Ocean County GOP Chairman George R. Gilmore walks with Gov. Chris Christie on the Seaside Heights boardwalk. (Photo: Daniel Nee/Shorebeat)
Ocean County GOP Chairman George R. Gilmore walks with Gov. Chris Christie on the Seaside Heights boardwalk. (Photo: Daniel Nee/Shorebeat)

A day after his conviction on tax evasion charges was upheld by a federal court, former Ocean County Republican Chairman George Gilmore, a New Jersey political kingmaker and power attorney who reaped millions in public contracts, received a pardon from President Donald Trump as he left office.

Gilmore’s name appeared on a list of those who would be issued pardons released late Tuesday night. The mitigating factors that led to his release included the fact that he “has made important civic contributions over his career in New Jersey.” He had 15 formal supporters of his pardon, including former Govs. Chris Christie, James McGreevey, James Florio, Donald DiFrancesco, John Bennett and Lt. Gov. Kimberly Guadagno. Political operative Bill Stepien also signed a letter of support, along with former U.S. Rep. Tom MacArthur and a number of lesser-known political figures. Notable, however, was the letter of support from Bay Head resident and GOP fundraiser Larry Bathgate, an attorney based in Lakewood.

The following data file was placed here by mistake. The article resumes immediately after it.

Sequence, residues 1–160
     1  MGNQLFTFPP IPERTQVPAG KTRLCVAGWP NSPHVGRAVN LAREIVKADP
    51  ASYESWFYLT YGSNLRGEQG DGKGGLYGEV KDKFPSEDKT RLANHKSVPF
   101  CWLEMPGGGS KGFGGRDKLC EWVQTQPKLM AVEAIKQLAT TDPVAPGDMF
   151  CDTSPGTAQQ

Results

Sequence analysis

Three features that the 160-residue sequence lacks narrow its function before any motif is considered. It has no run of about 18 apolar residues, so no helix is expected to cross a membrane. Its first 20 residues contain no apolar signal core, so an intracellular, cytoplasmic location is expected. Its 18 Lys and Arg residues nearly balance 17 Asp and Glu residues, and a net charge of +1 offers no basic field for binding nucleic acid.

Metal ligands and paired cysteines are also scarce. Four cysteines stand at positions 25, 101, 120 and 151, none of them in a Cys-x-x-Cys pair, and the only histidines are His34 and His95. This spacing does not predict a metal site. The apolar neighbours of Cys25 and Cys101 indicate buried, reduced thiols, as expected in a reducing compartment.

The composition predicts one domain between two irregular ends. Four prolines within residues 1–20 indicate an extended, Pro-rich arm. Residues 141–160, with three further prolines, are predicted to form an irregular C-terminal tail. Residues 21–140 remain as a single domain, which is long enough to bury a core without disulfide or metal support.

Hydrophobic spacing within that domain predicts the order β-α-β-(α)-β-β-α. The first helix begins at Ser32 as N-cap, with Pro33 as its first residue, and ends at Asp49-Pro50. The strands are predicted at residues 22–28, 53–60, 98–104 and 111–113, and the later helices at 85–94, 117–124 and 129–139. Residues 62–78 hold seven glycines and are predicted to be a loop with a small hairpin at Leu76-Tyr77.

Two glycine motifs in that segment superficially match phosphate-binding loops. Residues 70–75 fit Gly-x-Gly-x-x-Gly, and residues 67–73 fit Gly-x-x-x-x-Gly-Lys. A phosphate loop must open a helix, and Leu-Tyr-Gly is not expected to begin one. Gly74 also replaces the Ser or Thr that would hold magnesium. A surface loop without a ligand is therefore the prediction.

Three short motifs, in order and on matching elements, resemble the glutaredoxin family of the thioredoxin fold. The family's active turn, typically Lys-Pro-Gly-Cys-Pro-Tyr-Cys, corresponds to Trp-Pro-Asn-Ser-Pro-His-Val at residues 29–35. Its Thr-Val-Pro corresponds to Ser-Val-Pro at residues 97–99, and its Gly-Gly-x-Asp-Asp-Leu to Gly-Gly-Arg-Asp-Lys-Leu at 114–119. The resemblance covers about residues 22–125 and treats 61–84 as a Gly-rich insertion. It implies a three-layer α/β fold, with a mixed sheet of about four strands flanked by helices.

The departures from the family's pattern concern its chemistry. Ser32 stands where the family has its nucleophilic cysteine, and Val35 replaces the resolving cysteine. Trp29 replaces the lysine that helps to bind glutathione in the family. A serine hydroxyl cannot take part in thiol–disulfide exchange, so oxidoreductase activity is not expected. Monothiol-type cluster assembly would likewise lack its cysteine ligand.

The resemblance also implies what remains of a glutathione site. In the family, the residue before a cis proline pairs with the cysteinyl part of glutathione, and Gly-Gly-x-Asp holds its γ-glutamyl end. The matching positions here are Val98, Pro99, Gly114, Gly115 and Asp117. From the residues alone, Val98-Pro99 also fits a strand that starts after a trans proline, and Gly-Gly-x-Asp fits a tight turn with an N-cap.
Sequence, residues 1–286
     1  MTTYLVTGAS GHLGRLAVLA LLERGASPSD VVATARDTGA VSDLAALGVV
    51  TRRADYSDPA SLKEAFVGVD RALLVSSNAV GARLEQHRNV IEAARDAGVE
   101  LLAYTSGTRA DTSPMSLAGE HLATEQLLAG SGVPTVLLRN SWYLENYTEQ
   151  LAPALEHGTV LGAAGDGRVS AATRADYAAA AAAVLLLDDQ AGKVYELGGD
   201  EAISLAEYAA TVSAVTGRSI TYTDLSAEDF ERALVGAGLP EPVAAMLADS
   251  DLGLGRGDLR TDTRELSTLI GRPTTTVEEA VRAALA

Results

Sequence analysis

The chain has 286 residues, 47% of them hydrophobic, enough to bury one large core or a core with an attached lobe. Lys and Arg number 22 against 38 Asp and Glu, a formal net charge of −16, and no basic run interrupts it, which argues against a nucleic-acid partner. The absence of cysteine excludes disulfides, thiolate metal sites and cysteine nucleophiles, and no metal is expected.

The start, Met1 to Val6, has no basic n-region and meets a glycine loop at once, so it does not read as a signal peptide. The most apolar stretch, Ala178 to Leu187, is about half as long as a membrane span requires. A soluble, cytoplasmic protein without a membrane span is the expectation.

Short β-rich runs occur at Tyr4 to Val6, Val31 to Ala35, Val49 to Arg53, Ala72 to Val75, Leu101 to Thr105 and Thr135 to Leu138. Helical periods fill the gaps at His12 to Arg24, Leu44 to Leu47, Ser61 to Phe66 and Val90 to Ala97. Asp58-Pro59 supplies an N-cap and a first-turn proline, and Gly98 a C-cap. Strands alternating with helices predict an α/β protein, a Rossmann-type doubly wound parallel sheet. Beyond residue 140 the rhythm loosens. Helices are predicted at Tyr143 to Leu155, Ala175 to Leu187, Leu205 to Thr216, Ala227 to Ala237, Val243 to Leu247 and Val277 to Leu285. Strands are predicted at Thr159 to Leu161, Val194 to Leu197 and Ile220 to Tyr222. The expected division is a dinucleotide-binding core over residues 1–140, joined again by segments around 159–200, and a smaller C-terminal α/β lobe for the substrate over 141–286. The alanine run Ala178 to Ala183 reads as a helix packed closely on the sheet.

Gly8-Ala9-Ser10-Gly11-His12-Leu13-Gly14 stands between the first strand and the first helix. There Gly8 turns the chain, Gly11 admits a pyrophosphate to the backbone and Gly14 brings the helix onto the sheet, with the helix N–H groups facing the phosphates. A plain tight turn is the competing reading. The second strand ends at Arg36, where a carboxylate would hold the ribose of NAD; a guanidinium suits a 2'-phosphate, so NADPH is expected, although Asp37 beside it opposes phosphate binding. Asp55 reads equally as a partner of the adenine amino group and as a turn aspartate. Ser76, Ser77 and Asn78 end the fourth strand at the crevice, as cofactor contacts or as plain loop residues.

The pardon is different than a commutation, where a convict is allowed out of prison but retains the underlying conviction. Gilmore, who never served any prison time, will likely be able to re-establish powerful tools such as his law license, ability to hold public office and even the chance at regaining chairmanship of the Ocean County GOP over its current leader, Frank Holman. A Holman-Gilmore rift has been widely known to have driven controversy within the party in recent months.


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Gilmore, 71, of Toms River, was sentenced Jan. 22 to 366 days in federal prison for his conviction on two counts of failing to submit payroll taxes withheld from employees of his law firm, Gilmore & Monahan, to the IRS and one count of making false statements on a bank loan application submitted to OceanFirst Bank. His sentence was stayed pending appeal, but was upheld this week.

Gilmore argued he could not pay his taxes due to a hoarding disorder that caused him to collect various expensive items, such as cars and historical documents of high value.

The Federal Bureau of Prisons reported he was “not in custody” Wednesday morning and it was expected he would begin serving his sentence in the coming weeks, if not immediately.

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